The Tax Cuts and Jobs Act and #metoo: Addressing Sexual Harassment in the Workplace Through Tax Reform
March 14, 2019
Last week, we blogged about the tax implications of Colin Kaepernick’s recent multi-million dollar settlement with the NFL. This week, we explore another aspect of legal settlement and tax: how settlements stemming from sexual harassment in the workplace (proliferating recently due to the massive #metoo movement) are being treated following recent tax reforms.
#metoo and the Growing Awareness of Problematic Workplace Behaviours
The #metoo movement exploded virally in October 2017, with millions of women sharing stories about their experiences with sexual harassment or sexual abuse, often in the workplace.
Over the course of a year, the hashtag was tweeted more than 18 million times, a number of prominent men in Hollywood and across other industries were publicly revealed to be predators, and legislation in various jurisdictions, including New York and California, was changed to make it easier to report abuse.
The Tax Cuts and Jobs Act and the “Weinstein Tax”: Implications for Employers
A surprising piece of legislation which addressed the issues identified by the #metoo movement was tax legislation, including the Tax Cuts and Jobs Act introduced by the Trump administration.
Included in the Tax Cuts and Jobs Act, legislation which we have commented on extensively, were provisions through which Congress intended to address the issue of sexual harassment in the workplace through eliminating the possibility of a tax write-off on sexual harassment settlements which are subject to a non-disclosure agreement.
Section 162(a) of the Internal Revenue Code permitted employers to deduct “ordinary and necessary expenses paid or incurred in carrying on a trade or business”. Prior to the tax reform, this would have included any expenses used in settling workplace disputes, including sexual harassment disputes that may have been settled through the use of non-disclosure agreements. Such expenses could include lawyer’s fees as well as any other legal fees which an employer racked up while addressing a sexual harassment complaint.
As of December 2017, employers can no longer deduct any settlement expenses stemming from sexual harassment or sexual abuse claims where a non-disclosure agreement forms part of the settlement. This has become colloquially known as the “Weinstein Tax” in the wake of the scandal that rocked Hollywood in 2017/2018.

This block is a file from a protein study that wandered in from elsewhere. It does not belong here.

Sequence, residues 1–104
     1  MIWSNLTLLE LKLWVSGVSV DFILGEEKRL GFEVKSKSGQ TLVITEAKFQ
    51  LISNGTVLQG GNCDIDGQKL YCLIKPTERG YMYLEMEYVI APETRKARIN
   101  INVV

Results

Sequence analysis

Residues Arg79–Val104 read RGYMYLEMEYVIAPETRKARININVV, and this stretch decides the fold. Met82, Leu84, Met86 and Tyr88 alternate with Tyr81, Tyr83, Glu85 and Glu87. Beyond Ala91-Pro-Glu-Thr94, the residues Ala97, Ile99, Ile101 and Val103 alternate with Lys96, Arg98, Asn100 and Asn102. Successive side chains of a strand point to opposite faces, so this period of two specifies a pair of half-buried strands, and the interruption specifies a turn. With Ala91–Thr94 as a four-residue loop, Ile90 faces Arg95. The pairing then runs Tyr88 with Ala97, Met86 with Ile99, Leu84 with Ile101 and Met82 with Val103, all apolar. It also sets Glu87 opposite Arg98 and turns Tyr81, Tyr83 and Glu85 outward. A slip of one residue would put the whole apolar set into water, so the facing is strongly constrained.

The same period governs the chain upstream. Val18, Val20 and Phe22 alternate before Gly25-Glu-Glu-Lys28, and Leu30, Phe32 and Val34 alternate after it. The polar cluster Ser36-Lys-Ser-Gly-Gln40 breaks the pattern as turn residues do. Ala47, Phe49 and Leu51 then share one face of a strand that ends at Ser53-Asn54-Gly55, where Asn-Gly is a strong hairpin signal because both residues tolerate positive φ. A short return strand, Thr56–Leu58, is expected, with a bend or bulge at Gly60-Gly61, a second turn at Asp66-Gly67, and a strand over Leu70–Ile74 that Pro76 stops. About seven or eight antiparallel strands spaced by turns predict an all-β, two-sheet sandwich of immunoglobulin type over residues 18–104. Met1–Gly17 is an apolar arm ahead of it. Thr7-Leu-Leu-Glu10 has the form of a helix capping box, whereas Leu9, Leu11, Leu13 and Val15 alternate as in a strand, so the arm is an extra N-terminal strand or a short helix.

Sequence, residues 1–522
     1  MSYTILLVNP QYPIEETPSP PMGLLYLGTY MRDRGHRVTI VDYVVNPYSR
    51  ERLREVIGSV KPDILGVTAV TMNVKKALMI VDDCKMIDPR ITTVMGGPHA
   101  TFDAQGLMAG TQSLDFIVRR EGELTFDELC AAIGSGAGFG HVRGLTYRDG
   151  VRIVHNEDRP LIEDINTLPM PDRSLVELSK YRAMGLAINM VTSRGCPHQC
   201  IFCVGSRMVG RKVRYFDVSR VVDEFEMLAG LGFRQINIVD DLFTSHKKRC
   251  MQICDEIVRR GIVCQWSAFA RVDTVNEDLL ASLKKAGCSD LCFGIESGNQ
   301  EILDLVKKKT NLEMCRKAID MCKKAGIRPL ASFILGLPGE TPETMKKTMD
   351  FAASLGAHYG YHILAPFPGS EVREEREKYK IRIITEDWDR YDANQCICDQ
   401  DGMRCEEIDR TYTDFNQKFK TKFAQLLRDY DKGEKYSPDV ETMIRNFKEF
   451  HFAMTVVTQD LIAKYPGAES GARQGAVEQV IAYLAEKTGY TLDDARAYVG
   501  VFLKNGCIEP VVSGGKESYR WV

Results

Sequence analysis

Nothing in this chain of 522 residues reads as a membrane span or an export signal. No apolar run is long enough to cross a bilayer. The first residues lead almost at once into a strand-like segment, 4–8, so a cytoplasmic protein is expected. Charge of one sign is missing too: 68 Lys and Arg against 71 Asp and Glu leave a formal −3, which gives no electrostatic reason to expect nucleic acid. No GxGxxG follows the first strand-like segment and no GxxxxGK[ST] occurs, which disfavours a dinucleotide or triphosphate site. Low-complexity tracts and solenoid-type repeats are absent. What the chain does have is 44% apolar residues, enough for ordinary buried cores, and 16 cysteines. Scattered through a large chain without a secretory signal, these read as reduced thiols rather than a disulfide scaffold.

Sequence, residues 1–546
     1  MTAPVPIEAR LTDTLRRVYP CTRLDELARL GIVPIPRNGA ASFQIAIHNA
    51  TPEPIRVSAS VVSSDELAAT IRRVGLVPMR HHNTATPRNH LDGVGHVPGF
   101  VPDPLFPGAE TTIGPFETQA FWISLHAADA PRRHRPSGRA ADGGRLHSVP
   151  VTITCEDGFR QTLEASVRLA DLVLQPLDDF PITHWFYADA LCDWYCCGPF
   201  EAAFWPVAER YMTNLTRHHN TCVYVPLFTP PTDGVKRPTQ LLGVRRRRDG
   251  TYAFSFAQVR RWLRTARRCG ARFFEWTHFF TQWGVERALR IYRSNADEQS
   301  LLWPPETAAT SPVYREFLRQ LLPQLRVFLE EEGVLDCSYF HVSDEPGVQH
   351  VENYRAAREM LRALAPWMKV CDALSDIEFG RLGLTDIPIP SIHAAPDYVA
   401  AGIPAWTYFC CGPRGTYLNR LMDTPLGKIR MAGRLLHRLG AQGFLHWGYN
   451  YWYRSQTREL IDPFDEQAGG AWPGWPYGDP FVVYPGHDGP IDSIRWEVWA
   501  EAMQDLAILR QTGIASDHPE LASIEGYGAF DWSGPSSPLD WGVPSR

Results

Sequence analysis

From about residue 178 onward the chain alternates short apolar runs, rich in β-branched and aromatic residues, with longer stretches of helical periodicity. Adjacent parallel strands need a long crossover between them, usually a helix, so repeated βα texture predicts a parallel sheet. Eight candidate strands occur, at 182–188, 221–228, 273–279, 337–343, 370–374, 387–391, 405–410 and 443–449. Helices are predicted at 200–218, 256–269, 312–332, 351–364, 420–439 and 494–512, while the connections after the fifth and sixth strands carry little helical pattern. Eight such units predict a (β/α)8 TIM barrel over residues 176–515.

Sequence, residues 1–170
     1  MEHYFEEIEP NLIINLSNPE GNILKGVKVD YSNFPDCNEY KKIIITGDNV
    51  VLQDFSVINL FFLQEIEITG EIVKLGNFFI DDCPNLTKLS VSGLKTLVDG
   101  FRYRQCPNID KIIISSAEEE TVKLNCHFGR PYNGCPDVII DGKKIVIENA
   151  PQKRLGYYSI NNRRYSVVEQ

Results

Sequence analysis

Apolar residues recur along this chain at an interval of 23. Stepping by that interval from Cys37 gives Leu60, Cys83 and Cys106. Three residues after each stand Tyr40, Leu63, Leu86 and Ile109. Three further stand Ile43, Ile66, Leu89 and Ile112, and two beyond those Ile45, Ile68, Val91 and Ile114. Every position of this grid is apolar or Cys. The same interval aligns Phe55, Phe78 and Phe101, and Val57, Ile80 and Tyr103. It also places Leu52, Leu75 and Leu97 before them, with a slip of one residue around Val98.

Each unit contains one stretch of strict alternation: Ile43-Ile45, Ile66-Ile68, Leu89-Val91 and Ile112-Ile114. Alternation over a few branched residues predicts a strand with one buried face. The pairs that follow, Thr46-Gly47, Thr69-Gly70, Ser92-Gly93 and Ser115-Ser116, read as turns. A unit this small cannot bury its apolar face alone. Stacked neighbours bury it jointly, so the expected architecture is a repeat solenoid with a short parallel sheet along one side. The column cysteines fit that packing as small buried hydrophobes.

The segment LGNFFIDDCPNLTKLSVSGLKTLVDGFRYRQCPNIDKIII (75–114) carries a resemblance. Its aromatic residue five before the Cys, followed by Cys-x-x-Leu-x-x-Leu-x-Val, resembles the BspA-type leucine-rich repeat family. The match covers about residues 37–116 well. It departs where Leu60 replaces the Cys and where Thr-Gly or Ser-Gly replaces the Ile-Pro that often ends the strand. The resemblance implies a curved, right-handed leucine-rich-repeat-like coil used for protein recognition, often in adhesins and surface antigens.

This major change was intended to increase transparency, make it less appealing for employers to try to sweep problems under the rug, and decrease the chances that confidentiality and secrecy could lead to perpetrators repeating their problematic behaviour in the workplace.
The Tax Cuts and Jobs Act: Implications for Employees
When the new tax provisions were passed, there was initial confusion as to whether Congress intended an employee making a complaint to also lose the ability to deduct legal fees in a situation where a settlement agreement included a non-disclosure agreement.
The provision read on its face provides that no deductions were possible “under this chapter”, implying that the provision applied to all of Chapter 1 of the tax code (which was applicable to both corporations and individuals). This initially raised serious questions. Previously, an employee making a sexual harassment complaint and pursuing it through legal means could include any settlement amount received as taxable income and also deduct their lawyer fees from that amount. This meant that they would only be taxed on their net recovery following the deduction of lawyer’s fees (which were often significant).
Based on an initial reading of the revised tax provision, since an employee could not write off their lawyer fees from the, that employee would be taxed on the full amount of the settlement, even if a portion of that settlement was devoted to lawyer fees.
Many in the legal field raised concerns about this potentially unintended consequence of the tax reform.
Clarification by Republicans
In mid-2018, Republican members of the Senate Finance Committee wrote a letter to Treasury Secretary Steven Mnuchin indicating their intent to introduce a technical corrections bill which would make clear that legal fees incurred by recipients of settlement payments would not be prohibited from being written off.
We will continue to follow developments in this matter and will provide updates as they become available. In the meantime, if you have questions contact Feigenbaum Law.
With professional accounting designations from both Canada and the US, coupled with being admitted to the bar in the US and Canada, Mark Feigenbaum and his team are uniquely positioned to provide tax advice to clients on both sides of the border. Due to our vast knowledge of both U.S. and Canadian tax systems, professionals in both countries, such as lawyers, accountants, financial planners, agents, and business managers, frequently refer complicated tax matters to our firm. We have developed a reputation for finding creative solutions to seemingly unsolvable problems and for the exceptional quality of our work.